Site of a 16th-century rock-cut Aztec temple, c. 60 km south-east of Mexico City. The temple at Malinalco is an example of a widespread type of ritual building described in 16th-century ethno-historical texts and associated with the cult of the earth. Its monolithic inner chamber is the only excavated example to have survived intact. The temple forms part of a ritual and administrative centre built at the hilltop Matlazinca town of Malinalco after it had been incorporated into the Aztec empire. The buildings were begun in ...

Article

Andrea Stone and Trent Barnes

Pre-Columbian Maya cave shrine in the Lowland Maya area, c. 30 km east of Poptún in Petén, Guatemala. Naj Tunich (Maya: ‘stone house’) lies at an elevation of 650 m along part of a spectacular upland karst zone (limestone terrain characterized by water-formed caverns) containing some of the longest caves in Central America. It was rediscovered in ...

Article

America’s interest in Pre-Columbian culture began to take tangible form in the 19th century. American explorer John Lloyd Stephens (1805–52) and artist Frederick Catherwood journeyed to Chiapas and the Yucatán peninsula in 1839 to describe and document Mayan ruins. Their research was published in ...

Article

Paul Gendrop

Name applied variously to an area in the lowlands of Campeche, Mexico, a Pre-Columbian Maya site and a Maya architectural style of the Late Classic period (c. ad 600–c. 900). Count Maurice de Périgny explored the region in 1906–7 and discovered several groups of palaces, temples and platforms. Building I of Group B typifies the style. It comprises a low palace-like building with large interior spaces with integrated benches and a main façade flanked at each end by a solid tower with rounded corners. The towers are simulated, slightly squat versions of Maya pyramids crowned by temples, each with a stairway framed by ...

Article

J. C. Langley

Spanish term for a form of wall profile found throughout Pre-Columbian Mesoamerica, comprising a vertical panel (tablero) resting on a slanting talus (talud). It is particularly associated with the type of pyramidal structure developed at Teotihuacán in the Basin of Mexico and characteristic of its culture (...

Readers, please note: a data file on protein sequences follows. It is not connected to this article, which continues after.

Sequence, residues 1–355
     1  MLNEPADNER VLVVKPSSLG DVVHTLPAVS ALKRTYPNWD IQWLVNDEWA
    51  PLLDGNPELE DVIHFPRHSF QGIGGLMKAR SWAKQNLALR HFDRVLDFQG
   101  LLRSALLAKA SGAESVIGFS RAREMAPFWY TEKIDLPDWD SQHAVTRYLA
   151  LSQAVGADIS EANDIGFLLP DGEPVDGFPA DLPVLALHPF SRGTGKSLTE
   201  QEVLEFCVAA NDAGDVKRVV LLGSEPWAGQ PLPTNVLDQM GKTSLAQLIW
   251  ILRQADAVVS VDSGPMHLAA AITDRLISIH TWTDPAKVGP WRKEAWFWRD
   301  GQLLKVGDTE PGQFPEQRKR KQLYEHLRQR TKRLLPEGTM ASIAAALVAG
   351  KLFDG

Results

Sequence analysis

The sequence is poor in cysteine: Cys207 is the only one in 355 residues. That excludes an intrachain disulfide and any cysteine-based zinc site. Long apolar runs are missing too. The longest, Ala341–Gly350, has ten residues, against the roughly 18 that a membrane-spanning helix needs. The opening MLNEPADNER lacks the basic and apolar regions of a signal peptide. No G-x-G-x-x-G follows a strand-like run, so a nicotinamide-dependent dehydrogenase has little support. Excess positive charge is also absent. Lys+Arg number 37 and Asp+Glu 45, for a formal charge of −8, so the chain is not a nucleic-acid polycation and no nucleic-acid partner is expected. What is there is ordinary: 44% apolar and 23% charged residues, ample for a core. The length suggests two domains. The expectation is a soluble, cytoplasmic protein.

Article

Warwick Bray and Trent Barnes

Pre-Columbian archaeological zone in the region of the headwaters of the River Magdalena, Cauca Department, Colombia. Dating evidence for the sites and artefacts is imprecise, although some of the burial architecture probably dates to c. ad 600–850. Scattered throughout the area are cists and graves, stone statues, carved boulders, house sites, and painted underground sepulchral chambers grouped in ridge-top cemeteries; these were apparently unknown to the inhabitants of the region when the Spaniards arrived in ...

Article

Elizabeth Baquedano

Structure used in Mesoamerica, Pre-Columbian to display the heads of sacrificed human victims or a stone platform carved with human skulls. Skull racks were usually placed near temples or ballcourts (see Ballcourt, §1). Those displaying real skulls comprised a wooden framework supporting skulls skewered on horizontal poles run through holes drilled through the temples. Skull racks were described by Spanish conquistadors and missionary friars. ...